Cuban baseball has suffered another slap in the face.
The Cuban team was the first team eliminated from the Caribbean Series this week, managing to win only one of its four first-round games. By the time the Cuban team beat Puerto Rico 2-1, it already had lost to Mexico (9-4), Venezuela (8-5) and the Dominican Republic (9-2).
Cuba had won seven Caribbean titles from 1949-60 before Fidel Castro issued a ban against participating in the tournament. That ban was finally lifted this year.
What must have Cuban officials concerned is that this is not a blip on the radar, but rather the continuation of the struggles Cuba is facing in international competition. In part, Cuban officials must feel like victims of the defection of so many players who aspire for a chance to play in the big leagues.
There were 21 Cuban-born players who appeared in the big leagues last year, including the headline grabbing quartet of Los Angeles Dodgers outfielder Yasiel Puig, Miami Marlins right-hander Jose Fernandez, Oakland outfielder Yoenis Cespedes, and Cincinnati closer Aroldis Chapman.
Cuba was eliminated in the second round of the World Baseball Classic by the Kingdom of the Netherlands in 2013 and also in the second round by Japan in '09. The Cubans lost the championship game to Japan in the inaugural Classic in '06.
Since winning the Gold Medal at the 2004 Olympics in Athens and the World Baseball Cup in '05, Cuba has not won an international championship. The defection of many of the top Cuban players to pursue a career in the big leagues is considered a major part of the problem.
The Cubans moved toward alleviating that problem a year ago by adopting a policy that its players could play in foreign professional leagues. The United States' Cuban embargo, however, prohibits Cuban players from signing with an American-based Major League organization unless the player defects.
With Colorado announcing it will retire Todd Helton's No. 17 on Aug. 17, Seattle and Miami will be the only Major League teams without a current retired number (other than the No. 42 in honor of Jackie Robinson, which every team has retired).
The Mariners, who came into existence as part of the 1977 American League expansion with Toronto, have some interesting candidates, including a likely Hall of Famer in Ken Griffey, Jr., and the popular Edgar Martinez.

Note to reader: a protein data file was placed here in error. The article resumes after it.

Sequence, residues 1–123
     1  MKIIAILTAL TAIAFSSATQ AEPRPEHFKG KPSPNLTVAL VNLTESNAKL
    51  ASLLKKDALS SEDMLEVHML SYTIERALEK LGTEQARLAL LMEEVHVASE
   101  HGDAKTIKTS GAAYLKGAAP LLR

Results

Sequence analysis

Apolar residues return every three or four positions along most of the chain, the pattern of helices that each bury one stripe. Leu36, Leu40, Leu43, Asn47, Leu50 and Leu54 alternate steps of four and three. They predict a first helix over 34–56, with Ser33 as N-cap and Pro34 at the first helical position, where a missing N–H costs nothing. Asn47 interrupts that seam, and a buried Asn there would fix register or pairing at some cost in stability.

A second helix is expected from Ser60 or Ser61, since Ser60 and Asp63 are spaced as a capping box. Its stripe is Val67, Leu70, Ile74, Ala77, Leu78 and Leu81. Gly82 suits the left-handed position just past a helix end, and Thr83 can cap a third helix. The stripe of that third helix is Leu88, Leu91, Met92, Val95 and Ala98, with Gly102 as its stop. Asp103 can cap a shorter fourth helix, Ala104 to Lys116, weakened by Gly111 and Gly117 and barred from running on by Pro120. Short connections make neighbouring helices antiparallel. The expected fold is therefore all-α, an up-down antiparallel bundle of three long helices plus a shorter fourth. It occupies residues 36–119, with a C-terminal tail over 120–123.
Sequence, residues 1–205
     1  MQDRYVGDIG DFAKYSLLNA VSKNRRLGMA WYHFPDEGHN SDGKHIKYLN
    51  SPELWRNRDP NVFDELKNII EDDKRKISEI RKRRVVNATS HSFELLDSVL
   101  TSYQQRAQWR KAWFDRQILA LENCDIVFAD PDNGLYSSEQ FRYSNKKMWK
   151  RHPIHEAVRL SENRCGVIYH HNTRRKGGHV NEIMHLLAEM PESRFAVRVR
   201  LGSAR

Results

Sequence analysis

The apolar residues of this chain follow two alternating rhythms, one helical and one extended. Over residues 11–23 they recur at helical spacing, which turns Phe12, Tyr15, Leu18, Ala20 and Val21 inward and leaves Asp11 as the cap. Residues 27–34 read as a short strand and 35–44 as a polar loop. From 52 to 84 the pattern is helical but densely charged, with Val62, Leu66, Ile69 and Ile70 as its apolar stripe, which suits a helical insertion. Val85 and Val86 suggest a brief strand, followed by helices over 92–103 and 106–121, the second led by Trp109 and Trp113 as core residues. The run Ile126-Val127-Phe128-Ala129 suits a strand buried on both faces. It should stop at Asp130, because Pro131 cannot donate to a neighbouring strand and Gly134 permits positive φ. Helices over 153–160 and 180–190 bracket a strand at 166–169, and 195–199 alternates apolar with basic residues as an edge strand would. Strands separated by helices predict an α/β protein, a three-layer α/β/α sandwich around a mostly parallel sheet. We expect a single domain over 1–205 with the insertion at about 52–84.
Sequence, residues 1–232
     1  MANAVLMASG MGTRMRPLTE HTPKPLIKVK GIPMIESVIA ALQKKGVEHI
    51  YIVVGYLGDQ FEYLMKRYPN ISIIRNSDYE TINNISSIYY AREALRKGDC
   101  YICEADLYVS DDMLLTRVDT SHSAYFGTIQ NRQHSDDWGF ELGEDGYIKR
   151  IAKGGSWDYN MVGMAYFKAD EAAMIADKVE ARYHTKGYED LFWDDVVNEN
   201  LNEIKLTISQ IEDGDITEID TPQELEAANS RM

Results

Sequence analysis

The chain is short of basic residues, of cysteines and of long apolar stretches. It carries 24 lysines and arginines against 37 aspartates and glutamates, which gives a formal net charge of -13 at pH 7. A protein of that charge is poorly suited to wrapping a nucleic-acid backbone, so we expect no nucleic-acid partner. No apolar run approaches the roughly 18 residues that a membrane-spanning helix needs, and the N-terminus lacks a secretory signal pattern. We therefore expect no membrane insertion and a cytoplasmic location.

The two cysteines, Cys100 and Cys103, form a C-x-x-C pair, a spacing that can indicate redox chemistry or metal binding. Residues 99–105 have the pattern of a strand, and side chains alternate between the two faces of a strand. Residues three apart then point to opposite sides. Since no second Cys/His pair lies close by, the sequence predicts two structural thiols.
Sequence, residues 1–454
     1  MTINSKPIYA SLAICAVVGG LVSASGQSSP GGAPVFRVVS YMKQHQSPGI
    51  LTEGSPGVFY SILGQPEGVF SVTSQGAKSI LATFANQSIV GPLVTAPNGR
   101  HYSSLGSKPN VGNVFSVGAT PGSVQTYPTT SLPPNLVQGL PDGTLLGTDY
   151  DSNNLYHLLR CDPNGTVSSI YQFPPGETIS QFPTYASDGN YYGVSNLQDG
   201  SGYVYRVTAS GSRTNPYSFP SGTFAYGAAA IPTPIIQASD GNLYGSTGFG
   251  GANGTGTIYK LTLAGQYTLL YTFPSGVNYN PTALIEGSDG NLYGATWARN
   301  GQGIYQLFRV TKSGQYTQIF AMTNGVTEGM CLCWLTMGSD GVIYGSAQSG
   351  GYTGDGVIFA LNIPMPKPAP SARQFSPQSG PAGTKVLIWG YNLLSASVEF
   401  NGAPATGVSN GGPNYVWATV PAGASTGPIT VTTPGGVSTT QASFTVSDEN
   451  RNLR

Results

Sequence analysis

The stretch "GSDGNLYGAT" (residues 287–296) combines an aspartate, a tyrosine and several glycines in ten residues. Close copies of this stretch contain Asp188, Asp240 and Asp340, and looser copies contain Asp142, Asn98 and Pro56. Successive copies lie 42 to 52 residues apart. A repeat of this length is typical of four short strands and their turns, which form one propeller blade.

The Marlins, the expansion cousins of Colorado in 1993, have had two Hall of Fame inductees associated with the organization. Tony Perez has served in a special assistant role since the team's initial season and managed the Marlins in the final 114 games (54-60) in 2001. Andre Dawson spent his final two years as a player with the Marlins (1995-96) and remains a consultant with the organization.
Expansion Draft selection Jeff Conine is known as Mr. Marlin. He is the only player who was a part of the Marlins' championship teams in both 1997 and 2003, when he was a late season addition to help in the Marlins' stretch drive.
Even the two teams that were products of the most recent expansion in 1998 have retired numbers -- Arizona (Luis Gonzalez in 2010) and Tampa Bay (Wade Boggs in 2000). Boggs played his final two seasons (1998-99) with the Rays and recorded his 3,000th hit in Tampa Bay.
Did you know?
• Lou Gehrig was the first player to have his number retired when the Yankees honored him in 1939. The New York Giants became the next team to retire a number, honoring Carl Hubbell in '44.
• Helton will become the 172nd number to be retired, the 47th for a person not inducted into the Hall of Fame. Of the 47, Helton, John Smoltz, Trevor Hoffman and Mariano Rivera are the only four not yet eligible to be considered for induction.
• The list of non-Hall of Famers include 17 managers. The only owners with a retired number are August Busch Jr. of St. Louis and Gene Autry of the Los Angeles Angels of Anaheim.
• Philadelphia has retired the numbers of seven players, and four of them were retired in 2001 -- Grover Cleveland Alexander, Chuck Klein, Jim Bunning and Richie Ashburn.
• With the death of Ralph Kiner on Thursday, there are three living Hall of Famers who are 90 or older. Bobby Doerr turns 96 on April 17. Monte Irvin will be 94 on Feb. 25, and Red Schoendienst turned 91 last Sunday.
• Matt LaPorta, 29, signed a Minor League deal with Baltimore last week. LaPorta was the seventh pick of the first round of the 2007 First-Year Player Draft and was a key player Milwaukee sent to Cleveland as part of the package for CC Sabathia trade on July 8, 2008.
• Milwaukee was the only team that had not signed a free agent to a big league contract this offseason until Jan. 26 when the Brewers signed right-hander Matt Garza to a four-year, $50 million deal. Friday, they made another move, signing reliever Francisco Rodriguez to a one-year, $3.25 million deal. It's the third year in a row the Brewers signed Rodriguez off the free-agent market to a one-year deal.
Tracy Ringolsby is a columnist for MLB.com.